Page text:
Food for thought: If one day your friend wants to borrow RM1mil to replace mortgage from you to purchase a house and promises to pay you back via monthly instalments for the next 35 years, how would you react? Personally, my top priority would be to take stringent steps to ensure that I would be able to get my money back.
This applies to the banks too when one applies for a loan especially your mortgage. Here’s a quick summary of the process in three simple, sure-fire steps:
Step 1: Your Profile Matters
Ever wonder why the application forms have so many fields to fill, none of which are related to the property you want financing for? This is because each and every field in the forms give a score towards your eligibility. This scoring is called an “application score”.
The place you live, your marriage status, your occupation and so on will give you points. The higher the points, the better your score and the higher your chance of getting your loan approved. So, remember: do not ask someone to fill your forms for you or leave them blank because this will affect your score.
Step 2: Get your Income Recognized for Credit Rating
How much you earn matters to the bank. You need to make sure all your income can be recognised by the bank with proper documentation. On top of that, how much you earn and your income sources are important too.
Some banks will only recognise a certain percentage of your income especially when that income source is not fixed like commissions and incentives. For example, some banks will recognise only 80% of a commission and some banks will recognise only 50%. You will need to ask the banker how much will be recognised because each and every bank will have a different method of recognising income.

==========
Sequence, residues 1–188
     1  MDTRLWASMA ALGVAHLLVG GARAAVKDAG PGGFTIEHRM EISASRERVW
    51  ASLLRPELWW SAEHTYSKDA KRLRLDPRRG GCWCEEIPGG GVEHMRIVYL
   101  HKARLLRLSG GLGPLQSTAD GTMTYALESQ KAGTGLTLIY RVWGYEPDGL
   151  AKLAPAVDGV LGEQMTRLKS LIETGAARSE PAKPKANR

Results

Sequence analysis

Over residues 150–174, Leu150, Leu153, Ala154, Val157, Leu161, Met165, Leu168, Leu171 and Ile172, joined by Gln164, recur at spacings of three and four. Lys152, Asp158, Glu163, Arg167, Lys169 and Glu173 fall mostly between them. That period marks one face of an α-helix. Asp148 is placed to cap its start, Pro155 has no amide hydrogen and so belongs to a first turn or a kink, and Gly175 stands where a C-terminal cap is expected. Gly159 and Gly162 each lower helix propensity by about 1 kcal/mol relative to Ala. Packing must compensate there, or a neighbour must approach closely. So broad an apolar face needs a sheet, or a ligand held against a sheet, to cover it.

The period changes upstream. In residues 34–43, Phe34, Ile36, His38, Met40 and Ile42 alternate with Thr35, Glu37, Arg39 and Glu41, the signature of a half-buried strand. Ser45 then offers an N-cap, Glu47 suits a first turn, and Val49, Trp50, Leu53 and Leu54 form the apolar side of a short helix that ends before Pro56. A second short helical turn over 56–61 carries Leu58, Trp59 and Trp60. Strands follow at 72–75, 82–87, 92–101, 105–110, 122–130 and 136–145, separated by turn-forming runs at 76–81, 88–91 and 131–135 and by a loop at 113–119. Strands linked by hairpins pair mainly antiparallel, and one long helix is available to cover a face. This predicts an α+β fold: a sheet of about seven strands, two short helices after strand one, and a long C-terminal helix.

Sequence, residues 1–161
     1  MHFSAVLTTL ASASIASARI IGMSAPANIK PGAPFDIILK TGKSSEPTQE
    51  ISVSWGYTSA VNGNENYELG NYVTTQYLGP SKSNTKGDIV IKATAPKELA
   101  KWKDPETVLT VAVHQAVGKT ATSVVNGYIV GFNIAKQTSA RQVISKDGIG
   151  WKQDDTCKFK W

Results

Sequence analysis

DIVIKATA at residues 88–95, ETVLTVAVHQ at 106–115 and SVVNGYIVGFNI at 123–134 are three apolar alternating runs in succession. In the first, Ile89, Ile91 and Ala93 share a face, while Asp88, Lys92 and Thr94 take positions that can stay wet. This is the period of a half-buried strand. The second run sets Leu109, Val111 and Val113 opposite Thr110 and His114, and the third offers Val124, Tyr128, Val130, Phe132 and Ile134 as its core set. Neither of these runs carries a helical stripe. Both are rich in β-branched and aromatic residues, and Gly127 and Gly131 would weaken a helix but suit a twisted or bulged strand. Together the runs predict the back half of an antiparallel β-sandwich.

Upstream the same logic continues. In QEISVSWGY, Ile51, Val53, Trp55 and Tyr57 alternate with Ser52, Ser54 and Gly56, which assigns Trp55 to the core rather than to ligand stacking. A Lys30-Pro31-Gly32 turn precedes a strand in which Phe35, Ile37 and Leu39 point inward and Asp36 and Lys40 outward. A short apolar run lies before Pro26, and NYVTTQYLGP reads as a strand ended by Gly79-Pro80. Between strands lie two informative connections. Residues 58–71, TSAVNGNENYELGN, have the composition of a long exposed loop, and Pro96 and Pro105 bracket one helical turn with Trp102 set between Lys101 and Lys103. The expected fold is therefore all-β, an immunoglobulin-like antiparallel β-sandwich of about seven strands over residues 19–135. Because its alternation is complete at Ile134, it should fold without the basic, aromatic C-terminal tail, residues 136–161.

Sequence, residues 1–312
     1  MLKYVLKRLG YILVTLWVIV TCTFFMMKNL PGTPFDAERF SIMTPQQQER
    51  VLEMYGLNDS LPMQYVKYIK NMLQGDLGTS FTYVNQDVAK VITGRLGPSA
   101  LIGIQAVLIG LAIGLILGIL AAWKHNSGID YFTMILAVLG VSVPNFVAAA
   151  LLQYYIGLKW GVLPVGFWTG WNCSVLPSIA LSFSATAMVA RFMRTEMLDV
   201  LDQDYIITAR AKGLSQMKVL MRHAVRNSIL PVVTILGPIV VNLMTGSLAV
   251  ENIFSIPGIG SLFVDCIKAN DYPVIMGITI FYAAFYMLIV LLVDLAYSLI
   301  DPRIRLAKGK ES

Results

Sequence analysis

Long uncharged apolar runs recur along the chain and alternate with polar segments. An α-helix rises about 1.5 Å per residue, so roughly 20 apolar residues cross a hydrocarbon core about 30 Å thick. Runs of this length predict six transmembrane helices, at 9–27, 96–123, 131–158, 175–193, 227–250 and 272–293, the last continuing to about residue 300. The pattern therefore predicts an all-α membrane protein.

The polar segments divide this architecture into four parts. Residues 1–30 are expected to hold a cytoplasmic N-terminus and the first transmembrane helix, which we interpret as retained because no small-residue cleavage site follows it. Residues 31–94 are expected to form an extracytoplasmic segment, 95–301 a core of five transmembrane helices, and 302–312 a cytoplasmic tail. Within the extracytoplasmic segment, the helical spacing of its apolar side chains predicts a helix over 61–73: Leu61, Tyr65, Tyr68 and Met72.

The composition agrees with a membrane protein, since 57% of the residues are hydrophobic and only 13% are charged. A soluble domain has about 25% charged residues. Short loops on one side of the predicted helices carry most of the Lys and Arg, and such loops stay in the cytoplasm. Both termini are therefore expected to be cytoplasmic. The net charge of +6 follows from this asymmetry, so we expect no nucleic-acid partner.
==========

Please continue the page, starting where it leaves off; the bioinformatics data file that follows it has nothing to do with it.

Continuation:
This income will be used to compute your debt service ratio (DSR). This is to check whether or not you can afford the loan. DSR is your existing commitment plus new commitment over your net income after deductions from EPF, PCB, SOSCO and EIS. Most banks will reject your loan if your DSR percentage is more than 70% of your net income and every bank will have a different cut-off for DSR. Do ask the banks what their cut-off rates are to ensure they approve your loan.
We need to be disciplined in keeping good records with the banks. When you borrow, you need to pay your loans on time. Bad records will be recorded in CCRIS and CTOS which banks will review. Once it has been deemed that you have a bad record, your application will be rejected.
Step 3: The Right One Will Get the Job Done
Bankers, lawyers, agents and sales representative are all key players in your property purchase journey. It is advisable that you engage the person who is committed and can guide you. A simple rule is that if they can explain to you all the terms and conditions about your property purchase agreements, then he is experienced and can help you make better decisions.
That being said, it is very important for you to equip yourself with the right knowledge by asking all the crucial questions about the loan.
About the Author
Gary Chua is the Chief Executive Officer of Smart Financing Co.